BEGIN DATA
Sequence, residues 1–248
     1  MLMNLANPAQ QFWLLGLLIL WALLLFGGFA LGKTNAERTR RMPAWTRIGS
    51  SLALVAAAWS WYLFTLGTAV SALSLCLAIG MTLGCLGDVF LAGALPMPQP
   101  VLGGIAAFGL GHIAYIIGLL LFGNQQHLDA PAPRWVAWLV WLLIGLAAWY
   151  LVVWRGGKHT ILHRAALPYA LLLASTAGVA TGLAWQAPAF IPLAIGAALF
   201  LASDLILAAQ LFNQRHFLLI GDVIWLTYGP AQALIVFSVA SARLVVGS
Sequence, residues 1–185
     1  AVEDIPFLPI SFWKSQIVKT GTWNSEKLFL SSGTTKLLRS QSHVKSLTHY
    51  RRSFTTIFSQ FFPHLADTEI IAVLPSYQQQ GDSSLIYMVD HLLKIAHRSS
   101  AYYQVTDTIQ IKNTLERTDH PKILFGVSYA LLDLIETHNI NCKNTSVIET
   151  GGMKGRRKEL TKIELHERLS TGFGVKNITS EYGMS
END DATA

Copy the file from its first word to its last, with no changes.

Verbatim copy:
Sequence, residues 1–248
     1  MLMNLANPAQ QFWLLGLLIL WALLLFGGFA LGKTNAERTR RMPAWTRIGS
    51  SLALVAAAWS WYLFTLGTAV SALSLCLAIG MTLGCLGDVF LAGALPMPQP
   101  VLGGIAAFGL GHIAYIIGLL LFGNQQHLDA PAPRWVAWLV WLLIGLAAWY
   151  LVVWRGGKHT ILHRAALPYA LLLASTAGVA TGLAWQAPAF IPLAIGAALF
   201  LASDLILAAQ LFNQRHFLLI GDVIWLTYGP AQALIVFSVA SARLVVGS
Sequence, residues 1–185
     1  AVEDIPFLPI SFWKSQIVKT GTWNSEKLFL SSGTTKLLRS QSHVKSLTHY
    51  RRSFTTIFSQ FFPHLADTEI IAVLPSYQQQ GDSSLIYMVD HLLKIAHRSS
   101  AYYQVTDTIQ IKNTLERTDH PKILFGVSYA LLDLIETHNI NCKNTSVIET
   151  GGMKGRRKEL TKIELHERLS TGFGVKNITS EYGMS